I’ve been using Jenkins for many years now and since Jenkins Pipelines came out i’ve been using Jenkins Pipelines ever since. I am a massive fan of Jenkins Pipelines.
However, i am even a bigger fan for Jenkins Declarative Syntax Pipelines since it came out a few years back.
In the first iteration of Jenkins Pipelines you had to write your pipelines using code. The coding language of choice was Groovy. It is still is by the way. You don’t use pure Groovy but what is known as Groovy DSL. This first iteration of Jenkins Pipelines is what it is now known as the Scripted Pipelines. I am not going to go in-depth about the scripted syntax version of Jenkins Pipelines in this article as that warrants a dedicated article in itself.
Using this scripted syntax was fine. However, for a CI/CD Engineer who doesn’t have much knowledge of the Groovy language itself, there was a steep learning curve involved for one engineer to get up to speed with Jenkins Pipelines.
Groovy is a type of JVM language such that it runs on the Java Virtual Machine. Since it runs on JVM, it is very similar to Java in terms of syntax. In fact, its existence was to provide an alternative Java like programming language that is easy to the eye and easy for Java Developers (or other Developers) to pick up the language easily and to provide a better coding experience than Java since Java can be a bit verbose at times. Groovy certainly does have a lot of ‘syntactic sugar’ meaning it is not just pleasant on the eye but pleasant for a developer to code in.
So you can imagine, for someone who is not from a Java like background it can be hard for that person to pick up the language.
Enter Declarative Syntax
Jenkins have now release what is called Declarative Syntax to write Jenkins Pipelines.
As the name suggests, declarative syntax provides a ‘declarative’ way to define your pipelines. It is based on a Groovy like syntax called the Groovy DSL. (Domain Specification Language).
The purpose of this introduction is exactly to enable developers/engineers who are coming from a non Java like background to pick up the Jenkins Pipelines easily.
How i model my CI/CD Pipeline
The way i like to structure my pipeline is to first visualize it as a continuous flow of actions from one side to another (usually left to right or start to finish). Pretty much like a production line.
For example, my Java maven based project i have a Jenkins Pipeline to build and release my Java application.
In my pipeline i would perform the following steps:
- Checkout my code
- Compile code
- Runs Unit tests
- Runs Integration tests (if any)
- Runs Systems/Acceptance/End 2 End tests (if any)
- Static Code Analysis (usually using a tool like SonarQube).
- Package my Java artifact (.jar)
- Publish it onto a centralized artifact repository (like SonaType Nexus or JFrog’s Artifactory)
And if i were bundling my application inside a Docker container image for deploying it for running in production as a container then i would additionally do the following steps in my pipeline:
- Build a Docker Container Image (baking in my Java
.jarartifact along with the OS and Runtime (Java/JVM) required for running it)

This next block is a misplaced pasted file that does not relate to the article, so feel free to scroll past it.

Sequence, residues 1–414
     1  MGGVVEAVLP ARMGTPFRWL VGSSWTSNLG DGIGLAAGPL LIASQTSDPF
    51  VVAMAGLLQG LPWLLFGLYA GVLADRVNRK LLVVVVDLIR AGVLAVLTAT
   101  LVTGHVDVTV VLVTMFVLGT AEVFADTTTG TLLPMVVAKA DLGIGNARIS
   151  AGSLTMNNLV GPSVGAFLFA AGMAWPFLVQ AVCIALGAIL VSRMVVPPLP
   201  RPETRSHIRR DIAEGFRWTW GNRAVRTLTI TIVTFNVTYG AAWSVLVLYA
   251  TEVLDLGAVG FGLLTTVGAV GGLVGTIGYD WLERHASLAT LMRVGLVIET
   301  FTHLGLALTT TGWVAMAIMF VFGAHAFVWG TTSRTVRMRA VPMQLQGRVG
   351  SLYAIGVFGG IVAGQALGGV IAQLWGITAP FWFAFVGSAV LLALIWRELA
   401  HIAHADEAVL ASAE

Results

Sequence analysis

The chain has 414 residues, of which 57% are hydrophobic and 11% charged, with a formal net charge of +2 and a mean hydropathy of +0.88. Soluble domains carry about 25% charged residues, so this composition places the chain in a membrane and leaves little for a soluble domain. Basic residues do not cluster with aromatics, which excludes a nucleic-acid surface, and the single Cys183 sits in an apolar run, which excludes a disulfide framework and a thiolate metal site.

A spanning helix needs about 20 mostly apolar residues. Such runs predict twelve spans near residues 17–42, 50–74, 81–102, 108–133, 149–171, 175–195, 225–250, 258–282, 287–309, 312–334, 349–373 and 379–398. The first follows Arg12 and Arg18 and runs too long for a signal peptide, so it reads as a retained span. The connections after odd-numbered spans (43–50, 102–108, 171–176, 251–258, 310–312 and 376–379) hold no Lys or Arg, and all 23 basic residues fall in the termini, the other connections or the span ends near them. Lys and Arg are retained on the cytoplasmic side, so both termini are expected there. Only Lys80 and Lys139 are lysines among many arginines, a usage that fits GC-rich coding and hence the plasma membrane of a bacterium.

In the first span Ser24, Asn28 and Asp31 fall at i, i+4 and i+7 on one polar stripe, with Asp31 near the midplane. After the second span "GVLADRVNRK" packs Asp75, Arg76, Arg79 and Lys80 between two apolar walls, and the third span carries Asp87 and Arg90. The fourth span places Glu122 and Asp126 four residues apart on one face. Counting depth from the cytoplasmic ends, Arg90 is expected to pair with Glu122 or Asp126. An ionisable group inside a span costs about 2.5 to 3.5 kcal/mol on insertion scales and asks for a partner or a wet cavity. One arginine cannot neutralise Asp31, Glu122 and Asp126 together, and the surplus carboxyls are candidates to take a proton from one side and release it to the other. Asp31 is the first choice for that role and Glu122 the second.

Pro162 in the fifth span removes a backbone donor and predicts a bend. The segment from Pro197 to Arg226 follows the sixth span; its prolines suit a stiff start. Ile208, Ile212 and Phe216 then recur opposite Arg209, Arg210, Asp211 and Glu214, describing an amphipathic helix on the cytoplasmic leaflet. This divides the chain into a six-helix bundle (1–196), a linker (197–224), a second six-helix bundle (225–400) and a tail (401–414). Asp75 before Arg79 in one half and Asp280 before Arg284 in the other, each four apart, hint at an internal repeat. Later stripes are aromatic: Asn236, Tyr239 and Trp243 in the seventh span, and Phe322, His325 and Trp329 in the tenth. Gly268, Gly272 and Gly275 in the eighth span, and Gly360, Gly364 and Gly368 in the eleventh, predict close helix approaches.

- Publish the built Docker Container Image to a centralized Docker Container Registry (like Docker Hub or AWS ECR for example)
My Example Jenkins Declarative Pipeline
In Jenkins, to model a pipeline, you would code your pipeline code in a file named
This file would typically be checked into your version source control system along with your project code.
This is an example of practicing Pipeline as Code.
As you can see, each of my pipeline step action in my model is represented in each Jenkins Pipeline Stage. This allows me easily visualize what is going on in my Jenkins Pipeline.
Jenkins Stage View
The Jenkins Stage View is shown below graphically.
As you can see from above screenshot, in Jenkins you can easily visualize the ‘stages’ of your pipelines and to see status of each step (if it failed, where it failed, how long a particular step took etc).
As a user of this pipeline it is perfect as it enables the developer to see where in the pipeline their feature got to.
It has to be said, Scripted Syntax pipelines offer the same above in terms of Jenkins Stage View visualization. However, what i wanted to emphasize was how easy it is that you can see the Declarative Syntax maps directly to the Jenkins Stage View.
Avoiding Complex Logic
One of the side effects of using the declarative approach is that the Declarative Syntax way sort of forces you towards a certain structure. The structure of your pipelines in declarative format all pretty much follow the same format. They are quite rigid. Of course, using advanced declarative syntax features such as Matrix building you can construct really advanced and complicated logic in your pipelines.
One of the things with Scripted Syntax is that it encourages you to write not just a lot of code but also code that does a lot of conditional or perhaps even complex logic in your pipelines.
I am a firm believer of simple/minimal logic (or not logic at all) in your pipelines so that not just you can easily debug your pipelines but also that it produces good clean code. After all, adopting Jenkins Pipelines you are practising Pipeline As Code.
Therefore, you should also follow best software development coding practices when building your pipelines.
So, i would advocate for keeping complex logic out of your pipeline code. This is to ensure your pipelines are robust and error-free as possible. After all, your pipelines are designed for building your software application code.
If you really require logic then i would recommend abstracting out the logic into custom shell scripts.
Hopefully i have shown how easy it is to develop a very simple SDLC pipeline for an application in Jenkins using Jenkins Declarative Syntax.